nep-dev New Economics Papers
on Development
Issue of 2007‒04‒21
forty-four papers chosen by
Jeong-Joon Lee
Towson University

  1. The Empirical Instituions-Growth Literature: Is Something Amiss at the Top? By John W. Dawson
  2. Ruggedness: The Blessing of Bad Geography in Africa By Nunn, Nathan; Puga, Diego
  3. Geography, Health, and the Pace of Demo-Economic Development By Strulik, Holger
  4. Growth, Debt Burdens and Alleviating Effects of Foreign Aid in Least Developed Countries By Bjerg, Christina; Bjørnskov, Christian; Holm, Anne
  5. The Political Economy of Growth and Governance By Paul G. Hare
  6. Determinants of Credit Participation and Its Impact on Household Consumption: Evidence From Rural Vietnam By Cuong H. Nguyen
  7. Trade, Knowledge, and the Industrial Revolution By Kevin H. O'Rourke; Ahmed S. Rahman; Alan M. Taylor
  8. Human Capital, Economic Growth, and Regional Inequality in China By Belton Fleisher; Haizheng Li; Min Qiang Zhao
  9. Love on the Rocks: Alcohol Abuse and Domestic Violence in Rural Mexico By Manuela Angelucci
  10. Child Labor and Household Wealth: Theory and Empirical Evidence of an Inverted-U By Kaushik Basu; Sanghamitra Das; Bhaskar Dutta
  11. Labor Retrenchment Laws and their Effect on Wages and Employment: A Theoretical Investigation By Kaushik Basu; Gary S. Fields; Shub Debgupta
  12. Bribery in Health Care in Peru and Uganda By Jennifer Hunt
  13. Does sending farmers back to school have an impact? a spatial econometric approach By Satoshi Yamazaki; Budy P. Resosudarmo
  14. Endogenous Policy and Cross-Country Growth Empirics By Günther Rehme
  15. Book Production and the Onset of Modern Economic Growth By Jörg Baten; Jan Luiten van Zanden
  16. The aftermath of civil war By Reynal-Querol, Marta; Loayza, Norman V.; Chen, Siyan
  17. Ethnic polarization and the duration of civil wars By Reynal-Querol, Marta; Montalvo, Jose G.
  18. Horizontal inequalities, political environment, and civil conflict : evidence from 55 developing countries, 1986-2003 By Ostby, Gudrun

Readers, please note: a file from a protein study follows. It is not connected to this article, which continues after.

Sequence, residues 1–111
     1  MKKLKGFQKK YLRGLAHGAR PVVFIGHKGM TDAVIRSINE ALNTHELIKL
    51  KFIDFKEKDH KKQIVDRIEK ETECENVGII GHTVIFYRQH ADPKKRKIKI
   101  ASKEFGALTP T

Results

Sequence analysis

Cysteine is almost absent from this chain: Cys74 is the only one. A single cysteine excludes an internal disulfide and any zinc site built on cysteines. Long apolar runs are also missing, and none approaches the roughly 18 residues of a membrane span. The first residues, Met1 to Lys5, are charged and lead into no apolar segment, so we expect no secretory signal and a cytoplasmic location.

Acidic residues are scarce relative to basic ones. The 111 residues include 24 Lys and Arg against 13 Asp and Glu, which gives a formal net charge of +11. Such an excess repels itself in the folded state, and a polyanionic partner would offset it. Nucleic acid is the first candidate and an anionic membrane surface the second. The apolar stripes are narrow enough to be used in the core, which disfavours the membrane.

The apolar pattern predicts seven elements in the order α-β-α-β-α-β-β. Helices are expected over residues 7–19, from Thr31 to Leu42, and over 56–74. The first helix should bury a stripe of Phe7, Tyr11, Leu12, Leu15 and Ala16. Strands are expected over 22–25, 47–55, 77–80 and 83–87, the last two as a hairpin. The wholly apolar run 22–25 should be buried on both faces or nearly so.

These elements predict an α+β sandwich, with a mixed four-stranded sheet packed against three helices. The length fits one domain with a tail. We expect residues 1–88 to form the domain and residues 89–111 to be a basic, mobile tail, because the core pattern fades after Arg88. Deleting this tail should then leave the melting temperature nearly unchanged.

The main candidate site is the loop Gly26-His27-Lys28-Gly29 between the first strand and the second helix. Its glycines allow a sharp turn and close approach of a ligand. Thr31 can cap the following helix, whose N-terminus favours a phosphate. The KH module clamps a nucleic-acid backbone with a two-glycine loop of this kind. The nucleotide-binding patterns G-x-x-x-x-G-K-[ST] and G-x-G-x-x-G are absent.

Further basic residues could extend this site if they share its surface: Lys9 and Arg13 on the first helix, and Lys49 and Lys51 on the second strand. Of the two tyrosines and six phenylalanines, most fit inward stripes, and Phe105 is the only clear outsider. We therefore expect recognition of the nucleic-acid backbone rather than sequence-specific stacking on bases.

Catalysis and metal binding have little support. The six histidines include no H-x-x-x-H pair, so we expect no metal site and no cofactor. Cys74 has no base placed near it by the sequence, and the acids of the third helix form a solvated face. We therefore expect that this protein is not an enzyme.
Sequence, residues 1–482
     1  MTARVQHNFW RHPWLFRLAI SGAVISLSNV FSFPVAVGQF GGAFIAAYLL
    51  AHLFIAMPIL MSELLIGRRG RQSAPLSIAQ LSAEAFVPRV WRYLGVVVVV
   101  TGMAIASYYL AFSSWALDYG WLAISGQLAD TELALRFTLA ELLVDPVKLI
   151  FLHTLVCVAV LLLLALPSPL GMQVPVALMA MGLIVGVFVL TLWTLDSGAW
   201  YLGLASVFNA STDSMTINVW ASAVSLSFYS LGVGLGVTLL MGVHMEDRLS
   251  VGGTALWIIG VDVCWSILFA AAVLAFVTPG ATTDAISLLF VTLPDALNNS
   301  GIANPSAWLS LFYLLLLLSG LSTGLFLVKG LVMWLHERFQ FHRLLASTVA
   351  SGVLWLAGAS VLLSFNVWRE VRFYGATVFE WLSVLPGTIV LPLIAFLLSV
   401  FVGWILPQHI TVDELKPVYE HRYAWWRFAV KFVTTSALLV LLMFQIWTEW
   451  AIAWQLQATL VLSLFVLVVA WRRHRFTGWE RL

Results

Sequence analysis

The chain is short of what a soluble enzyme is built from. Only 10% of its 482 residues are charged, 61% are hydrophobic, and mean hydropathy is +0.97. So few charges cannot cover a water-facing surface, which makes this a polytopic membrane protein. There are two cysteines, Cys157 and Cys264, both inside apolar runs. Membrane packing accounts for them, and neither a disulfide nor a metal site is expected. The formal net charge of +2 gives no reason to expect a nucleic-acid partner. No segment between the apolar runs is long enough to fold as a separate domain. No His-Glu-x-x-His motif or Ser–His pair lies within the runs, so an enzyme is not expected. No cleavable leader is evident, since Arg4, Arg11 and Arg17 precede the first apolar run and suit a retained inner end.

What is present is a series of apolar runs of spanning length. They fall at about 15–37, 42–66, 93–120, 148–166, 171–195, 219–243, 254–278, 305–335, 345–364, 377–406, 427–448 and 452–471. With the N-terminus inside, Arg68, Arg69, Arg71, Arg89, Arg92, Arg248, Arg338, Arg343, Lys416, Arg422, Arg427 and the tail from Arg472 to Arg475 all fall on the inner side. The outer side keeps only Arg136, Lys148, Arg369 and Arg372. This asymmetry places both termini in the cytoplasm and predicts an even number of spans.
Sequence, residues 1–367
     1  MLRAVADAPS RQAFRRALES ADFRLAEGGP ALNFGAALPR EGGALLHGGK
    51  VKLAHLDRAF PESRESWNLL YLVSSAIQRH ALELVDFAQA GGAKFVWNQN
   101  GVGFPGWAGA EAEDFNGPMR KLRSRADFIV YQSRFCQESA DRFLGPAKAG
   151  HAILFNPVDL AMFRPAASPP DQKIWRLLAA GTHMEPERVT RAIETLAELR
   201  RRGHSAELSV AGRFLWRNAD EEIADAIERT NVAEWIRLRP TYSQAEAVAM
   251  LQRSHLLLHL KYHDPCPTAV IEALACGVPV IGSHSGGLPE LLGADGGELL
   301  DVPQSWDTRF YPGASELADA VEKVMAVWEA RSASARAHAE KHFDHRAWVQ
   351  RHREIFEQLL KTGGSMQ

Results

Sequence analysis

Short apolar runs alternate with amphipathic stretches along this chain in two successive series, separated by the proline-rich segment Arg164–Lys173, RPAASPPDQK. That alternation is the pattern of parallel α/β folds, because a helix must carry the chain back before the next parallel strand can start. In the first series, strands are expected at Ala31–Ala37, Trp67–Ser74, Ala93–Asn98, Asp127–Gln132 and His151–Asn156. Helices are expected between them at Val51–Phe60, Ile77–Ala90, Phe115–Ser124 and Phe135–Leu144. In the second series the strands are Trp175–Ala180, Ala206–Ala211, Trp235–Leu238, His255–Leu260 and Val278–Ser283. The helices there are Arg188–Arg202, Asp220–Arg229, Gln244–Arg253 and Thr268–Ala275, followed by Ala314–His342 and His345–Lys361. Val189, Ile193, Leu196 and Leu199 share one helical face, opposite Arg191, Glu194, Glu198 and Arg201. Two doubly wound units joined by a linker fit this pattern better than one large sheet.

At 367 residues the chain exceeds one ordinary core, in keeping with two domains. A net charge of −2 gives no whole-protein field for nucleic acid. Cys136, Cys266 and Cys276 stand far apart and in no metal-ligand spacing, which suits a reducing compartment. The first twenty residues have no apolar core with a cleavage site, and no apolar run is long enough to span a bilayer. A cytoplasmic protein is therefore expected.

19. Oil and the propensity to armed struggle in the Niger Delta region of Nigeria By Oyefusi, Aderoju
  20. Political leadership, conflict, and the prospects for constitutional peace By Jennings, Colin
  21. Current and forthcoming issues in the Sout h African electricity sector By Maurer, Luiz; Bogetic, Zeljko; Kessides, Ioannis N.
  22. The pricing dynamics of utilities with underdeveloped networks By Kessides, Ioannis N.; Chisari, Omar O.
  23. How Corruption Hits People When They Are Down By Jennifer Hunt
  24. Policy, Economic Federalism & Product Market Entry: The Indian Experience By Sumon Bhaumik; Shubhasish Gangopadhyay; Shagun Krishnan
  25. On the Role of Absorptive Capacity: FDI Matters to Growth By Yuko Kinoshita; Chia-Hui Lu
  26. Is Education the Panacea for Economic Deprivation of Muslims? Evidence from Wage Earners in India, 1987-2004 By Sumon Kumar Bhaumik; Manisha Chakrabarty
  28. Dutch Disease Scare in Kazakhstan: Is It Real? By Balázs Égert; Carol S. Leonard
  29. "Minerals, Openness, Institutions and Growth: An Empirical Analysis" By James L. Butkiewicz; Halit Yanikkaya
  30. Great Expectations? The Subjective Well-Being of Rural-Urban Migrants in China By John Knight; Ramani Gunatilaka
  31. Microfinance and Investment: a Comparison with Bank and Informal Lending By Lucia Dalla Pellegrina
  32. Teaching Entrepreneurship: Impact of Business Training on Microfinance Clients and Institutions By Dean Karlan; Martin Valdivia
  33. Expanding Credit Access: Using Randomized Supply Decisions to Estimate the Impacts By Dean Karlan; Jonathan Zinman
  34. Observing Unobservables: Identifying Information Asymmetries with a Consumer Credit Field Report By Dean Karlan; Jonathan Zinman
  35. Credit Elasticities in Less-Developed Economies: Implications for Microcredit By Dean Karlan; Jonathan Zinman
  36. Group Versus Individual Liability: A Field Experiment in the Philippines By Dean Karlan; Xavier Giné
  37. Do No Harm: Aid, Weak Institutions, and the Missing Middle in Africa By Nancy Birdsall
  38. Pathways Out of Poverty During an Economic Crisis: An Empirical Assessment of Rural Indonesia By Neil McCulloch; C. Peter Timmer; Julian Weisbrod
  39. What Have IMF Programs With Low-Income Countries Assumed About Aid Flows? By David Goldsbrough and; Ben Elberger
  40. How May International Trade affect Poverty in a Developing Country Setup? The Inequality Channel By Mamoon, Dawood
  41. Human Capital Investment and Poverty Reduction over Generations: A Case from the Rural Philippines, 1979-2003 By Takahashi, Kazushi; Otsuka, Keijiro
  42. Local Firms in Latecomer Developing Countries amidst China's Rise -The case of Vietnam's motorcycle industry- By Fujita, Mai
  43. Trade Liberalisation, Financial Development and Economic Growth By Muhammad Arshad Khan; Abdul Qayyum
  44. Preference for Public Sector Jobs and Wait Unemployment: A Micro Data Analysis By Asma Hyder

  1. By: John W. Dawson
    Abstract: The initial publication of the Fraser Institute’s Economic Freedom of the World index prompted an explosion of empirical research on the institutions-growth relationship. To date, little of this research has appeared in the top economics journals. Subsequently, a number of empirical growth studies using alternative sources of data on institutions have appeared in top journals. This paper explores the two tracks of empirical research on the institutions-growth relationship—one track that recognizes all the relevant literature, and one that seems wanting in that respect.